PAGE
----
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An unidentified North Carolina man writes Dr. King requesting urgent assistance involving his brutal arrest by a state trooper. According to the man, the trooper physically assaulted him during detainment and ended up breaking two ribs. However, his other peers, mainly Negro, are too afraid to speak up about this police brutality case.
A. J. de Witte writes Roy Wilkins condemning him for scolding Dr. King's outspoken dissatisfaction with the war in Vietnam. Witte explains the importance of civil rights leaders engaging in the discussion surrounding the war.
Dr. King expounds upon the secrets of a happy marriage. His first point is that the husband and wife must comprehend the nature of sexes. He describes the dichotomy of a man and woman's perception of contentment. The second point Dr. King makes is that the married couple must have an understanding of the nature of marriage itself. He further asserts that a successful marriage must be built on a mutual compromise. The final contention by Dr. King is each individual must instill the sacredness of marriage.
Dr. King informs Walter Simcich that he is "deeply grateful" to have been extended this invitation. Furthermore, Dr. King notifies Mr. Simcich that he is unable to accept this speaking engagement due to his heavy schedule involving the nonviolence movement.
Mr. Fields requests advance text of remarks Dr. King is to give at the Twenty-second Freedom House Anniversary Dinner. The Freedom House Dinner receives major attention from the media and boasts a guest list of influential opinion makers.
Frank Annunzio informs Dr. King that he appreciates his views on the Mississippi Delegation. Annunzio states that he voted to remove the seniority status of the Mississippi Congressmen "from their respective Committees."
The purpose of this memorandum from Rev. James Morton and James Twomey was to attempt to get funding for urban renewal. It was the goal of the Urban Training Center for Christian Mission to create low-income housing for those in need.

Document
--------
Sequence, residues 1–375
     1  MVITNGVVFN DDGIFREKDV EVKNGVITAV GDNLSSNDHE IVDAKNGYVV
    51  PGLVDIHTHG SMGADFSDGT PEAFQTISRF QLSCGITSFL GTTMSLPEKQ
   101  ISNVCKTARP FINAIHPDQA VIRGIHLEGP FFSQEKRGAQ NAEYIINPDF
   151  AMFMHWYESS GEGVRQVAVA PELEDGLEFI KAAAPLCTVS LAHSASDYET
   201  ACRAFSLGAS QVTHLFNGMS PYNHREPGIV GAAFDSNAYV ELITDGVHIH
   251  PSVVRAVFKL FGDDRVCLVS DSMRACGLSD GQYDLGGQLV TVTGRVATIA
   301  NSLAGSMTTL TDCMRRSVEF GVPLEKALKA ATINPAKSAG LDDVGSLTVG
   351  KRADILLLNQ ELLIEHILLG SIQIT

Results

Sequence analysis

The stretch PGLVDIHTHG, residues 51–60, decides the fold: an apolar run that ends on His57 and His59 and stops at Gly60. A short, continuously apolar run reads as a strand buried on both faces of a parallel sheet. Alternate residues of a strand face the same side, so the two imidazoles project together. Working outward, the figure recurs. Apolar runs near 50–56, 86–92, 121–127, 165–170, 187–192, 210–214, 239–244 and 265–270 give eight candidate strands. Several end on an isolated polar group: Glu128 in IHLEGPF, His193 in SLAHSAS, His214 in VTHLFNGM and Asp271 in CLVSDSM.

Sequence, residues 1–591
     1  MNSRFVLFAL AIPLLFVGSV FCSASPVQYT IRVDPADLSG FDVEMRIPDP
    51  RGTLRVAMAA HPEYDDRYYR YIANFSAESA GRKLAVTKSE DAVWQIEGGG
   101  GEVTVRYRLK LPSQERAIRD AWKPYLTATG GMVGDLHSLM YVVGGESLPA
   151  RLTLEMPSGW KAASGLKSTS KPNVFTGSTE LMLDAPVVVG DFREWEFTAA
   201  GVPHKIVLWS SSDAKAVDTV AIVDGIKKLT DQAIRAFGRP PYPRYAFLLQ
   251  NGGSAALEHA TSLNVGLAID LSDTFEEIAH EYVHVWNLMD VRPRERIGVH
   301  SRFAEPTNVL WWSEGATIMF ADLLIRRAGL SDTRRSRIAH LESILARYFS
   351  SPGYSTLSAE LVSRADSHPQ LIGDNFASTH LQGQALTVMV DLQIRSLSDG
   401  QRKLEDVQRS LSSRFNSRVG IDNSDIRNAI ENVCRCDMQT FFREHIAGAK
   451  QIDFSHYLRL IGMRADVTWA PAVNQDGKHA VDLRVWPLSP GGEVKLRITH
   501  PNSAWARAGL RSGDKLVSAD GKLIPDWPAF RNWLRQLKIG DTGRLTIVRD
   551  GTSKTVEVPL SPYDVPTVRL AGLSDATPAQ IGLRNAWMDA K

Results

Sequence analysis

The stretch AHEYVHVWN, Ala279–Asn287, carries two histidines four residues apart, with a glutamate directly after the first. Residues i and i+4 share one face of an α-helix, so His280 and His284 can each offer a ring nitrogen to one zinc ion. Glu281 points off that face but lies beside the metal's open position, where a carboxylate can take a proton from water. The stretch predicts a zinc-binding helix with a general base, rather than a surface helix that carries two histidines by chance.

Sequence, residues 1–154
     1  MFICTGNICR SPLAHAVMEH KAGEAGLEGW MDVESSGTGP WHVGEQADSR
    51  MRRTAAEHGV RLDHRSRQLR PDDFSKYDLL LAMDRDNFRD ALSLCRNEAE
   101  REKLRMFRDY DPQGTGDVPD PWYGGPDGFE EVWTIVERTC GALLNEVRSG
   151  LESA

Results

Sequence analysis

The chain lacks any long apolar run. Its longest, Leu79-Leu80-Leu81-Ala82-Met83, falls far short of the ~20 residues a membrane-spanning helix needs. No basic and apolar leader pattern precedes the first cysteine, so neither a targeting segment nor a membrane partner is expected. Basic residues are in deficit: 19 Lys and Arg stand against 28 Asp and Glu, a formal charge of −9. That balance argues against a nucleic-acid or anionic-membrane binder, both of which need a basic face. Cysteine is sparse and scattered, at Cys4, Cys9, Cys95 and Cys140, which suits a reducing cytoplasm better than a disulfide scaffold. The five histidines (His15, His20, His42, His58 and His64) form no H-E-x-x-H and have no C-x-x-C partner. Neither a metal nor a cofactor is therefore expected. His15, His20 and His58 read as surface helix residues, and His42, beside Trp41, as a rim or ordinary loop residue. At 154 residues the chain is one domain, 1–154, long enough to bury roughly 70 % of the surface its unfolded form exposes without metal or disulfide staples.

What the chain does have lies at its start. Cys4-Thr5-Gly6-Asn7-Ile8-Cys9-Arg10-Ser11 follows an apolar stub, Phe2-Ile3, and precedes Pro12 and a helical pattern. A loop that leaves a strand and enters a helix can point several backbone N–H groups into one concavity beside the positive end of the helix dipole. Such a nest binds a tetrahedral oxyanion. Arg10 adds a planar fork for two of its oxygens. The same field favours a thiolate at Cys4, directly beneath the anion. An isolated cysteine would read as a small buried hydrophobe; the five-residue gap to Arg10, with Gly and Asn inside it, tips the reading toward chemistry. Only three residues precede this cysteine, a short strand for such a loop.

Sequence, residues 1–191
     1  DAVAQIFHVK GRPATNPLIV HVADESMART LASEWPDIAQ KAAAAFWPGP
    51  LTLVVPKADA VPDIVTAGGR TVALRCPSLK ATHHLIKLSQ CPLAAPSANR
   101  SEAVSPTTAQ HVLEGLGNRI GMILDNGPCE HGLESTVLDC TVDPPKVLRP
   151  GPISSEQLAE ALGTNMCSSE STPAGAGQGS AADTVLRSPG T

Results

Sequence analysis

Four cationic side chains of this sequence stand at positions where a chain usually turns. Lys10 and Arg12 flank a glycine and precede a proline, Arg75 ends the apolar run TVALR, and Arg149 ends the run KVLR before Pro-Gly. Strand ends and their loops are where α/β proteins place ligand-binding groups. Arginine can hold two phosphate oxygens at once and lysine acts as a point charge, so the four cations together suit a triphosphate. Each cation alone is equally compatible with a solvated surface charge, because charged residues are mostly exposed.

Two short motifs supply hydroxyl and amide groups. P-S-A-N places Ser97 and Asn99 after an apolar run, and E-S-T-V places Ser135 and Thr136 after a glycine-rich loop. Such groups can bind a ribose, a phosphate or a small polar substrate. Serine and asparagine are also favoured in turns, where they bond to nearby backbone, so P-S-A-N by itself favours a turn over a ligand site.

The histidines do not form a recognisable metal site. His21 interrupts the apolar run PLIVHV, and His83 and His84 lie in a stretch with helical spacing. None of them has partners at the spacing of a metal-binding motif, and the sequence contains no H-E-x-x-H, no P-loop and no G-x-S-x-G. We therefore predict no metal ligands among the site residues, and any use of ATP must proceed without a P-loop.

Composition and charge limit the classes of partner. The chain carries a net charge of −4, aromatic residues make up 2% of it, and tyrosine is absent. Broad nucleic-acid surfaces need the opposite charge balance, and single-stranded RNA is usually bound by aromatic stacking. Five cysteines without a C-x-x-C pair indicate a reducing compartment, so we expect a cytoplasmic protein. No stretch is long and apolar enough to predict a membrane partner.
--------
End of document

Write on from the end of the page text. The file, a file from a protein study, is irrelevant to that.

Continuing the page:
Clyde Rembert, a broadcaster from KRLD-Radio and KRLD-TV, writes Dr. King inviting him to the radio show. Rembert seeks a response from Dr. King regarding a derogatory statement made by Dr. Criswell concerning King's anti-Vietnam war stance.
Dora McDonald writes to Mr. and Mrs. Robert Wise to inform them of a transfer of funds to the intended recipient.
In the midst of some very disturbing events taking place in Albany, GA, Edward P. Morgan of the American Broadcasting Company writes this captivating broadcast message reflecting his personal view of the Negro's increasing self-awareness and recognition of its place in society.
The McKeesport Branch of the NAACP invites Dr. King to be the guest speaker at its upcoming Human Rights Dinner.
Mr. Huston writes to request that the photos of Mrs. King and her daughter which appear on the cover of Life Magazine, April 1968 be widely distributed. Huston believes that if this is done the larger public will be just as moved as he was and further serve to promote the memory of Dr. King.
In this letter, Killens discusses the possibility of a book party in Dr. King's honor. Killens, Ruby Dee, Lofton Mitchell, Ossie Davis, and Harry Belafonte are exploring this idea and believe that at this event many books would be sold and the message of civil rights could be communicated to thousands.
This document is a rough draft of Dr. King's thank-you letter to Mr. Harding for a book he dedicated in part to Dr. King.